Japanese scientist, actively participated in various studies, but when running our own laboratory in 1998, he focused on the study of the destruction of proteins in the yeast vacuole — the organelle that functions in human cells performed by the lysosome. Yeast cells are relatively simple to study and therefore are often used as models for human cells. They are particularly useful to identify genes that play an important role in complex cellular processes.
But, faced with a serious problem – the yeast cells are small and their internal structure is not so easy to distinguish under a microscope. The scientist even had doubts whether in this case autophagy. The researcher felt that if he can stop the process of destruction of the material in the vacuoles, autophagy is present – then autolysosome will have to accumulate inside vacuoles and become visible under the microscope.
the Scientist was culturing the mutated yeast vacuolar degradation losses and at the same time they stimulated autophagy, causing the cells to starve. And the results were striking. Within a few hours vacuoles filled with small vesicles, which have not yet been destroyed. Vesicles were autolysosome, and the experiment scientist have proven that autophagy exist in yeast cells. But more importantly – now the scientist got a way to identify and characterize key genes involved in this process. This revolutionary study was published over 20 years ago in 1992.
Later Osumi used his modified yeast strains in which autolysosome accumulated during starvation. This accumulation should not occur if the genes responsible for autophagy, was have been inactivated. Osumi processed yeast cells is a chemical that is selectively introduced mutations in many genes, and then he stimulated autophagy. His strategy worked.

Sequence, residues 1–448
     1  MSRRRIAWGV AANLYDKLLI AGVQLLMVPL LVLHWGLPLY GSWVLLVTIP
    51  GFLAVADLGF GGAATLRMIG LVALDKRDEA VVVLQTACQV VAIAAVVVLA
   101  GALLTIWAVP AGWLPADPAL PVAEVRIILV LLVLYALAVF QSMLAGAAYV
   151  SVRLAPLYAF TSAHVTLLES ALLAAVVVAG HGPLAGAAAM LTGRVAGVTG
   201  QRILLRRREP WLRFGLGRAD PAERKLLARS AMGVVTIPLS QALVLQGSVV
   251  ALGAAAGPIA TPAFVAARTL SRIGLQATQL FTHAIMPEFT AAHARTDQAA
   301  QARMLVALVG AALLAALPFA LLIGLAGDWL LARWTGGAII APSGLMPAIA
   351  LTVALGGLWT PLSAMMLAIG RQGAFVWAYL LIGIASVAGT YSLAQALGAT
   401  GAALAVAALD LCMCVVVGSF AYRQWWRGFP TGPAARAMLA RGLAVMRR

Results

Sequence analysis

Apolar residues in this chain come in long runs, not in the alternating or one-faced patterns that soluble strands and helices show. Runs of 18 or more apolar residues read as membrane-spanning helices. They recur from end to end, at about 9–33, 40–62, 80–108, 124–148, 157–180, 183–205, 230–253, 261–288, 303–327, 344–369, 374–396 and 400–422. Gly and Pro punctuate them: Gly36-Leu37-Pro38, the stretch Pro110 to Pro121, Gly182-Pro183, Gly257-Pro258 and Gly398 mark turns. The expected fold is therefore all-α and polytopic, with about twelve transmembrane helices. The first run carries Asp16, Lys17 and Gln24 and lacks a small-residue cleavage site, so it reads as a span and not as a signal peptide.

Osumi revealed the first genes required for autophagy. In subsequent experiments, scientists have been functionally characterized proteins, encoded by these genes. The results of the research have shown that autophagy is controlled by a cascade of proteins and protein complexes, each of which governs a separate phase, such as nucleation or the formation of autolysosome.
After determining the mechanism of autophagy in yeast still remains one outstanding question: is there an appropriate mechanism to control this process in other organisms? It soon became clear that almost identical processes occur in human cells. Now, scientists have access to the tools needed to explore the importance of autophagy in the human body.
And thanks Osumi and his followers today, the world knows that autophagy controls important physiological functions, in which cell components should be recycled or destroyed.
Autophagy can quickly provide the “fuel” and building blocks for the cell update components. Therefore, the process is important for the cellular response to starvation and other types of stress. In addition, during infection, autophagy assists to stop the introduction of intracellular bacteria and viruses.
Autophagy also contributes to embryonic development and cellular differentiation. Cells also use autophagy to eliminate damaged proteins and organelles — this mechanism of “quality control” is crucial to combating the negative effects of aging.
by the Way, a violation of the processes of autophagy are also associated with Parkinson’s disease, type II diabetes and other diseases that typically appear in old age.
Mutations of genes important for autophagy, can be caused by a genetic disease, the mechanisms of autophagy is associated with cancer. Today, there are numerous studies on the development of drugs intended for the stimulation of autophagy in various diseases.
Recall that today, October 3, in Stockholm, started the Nobel week. According to tradition, its beginning marked the announcement of the prize winners in physiology and medicine.
And last year the Nobel prize in medicine scientist brought parasitic worms.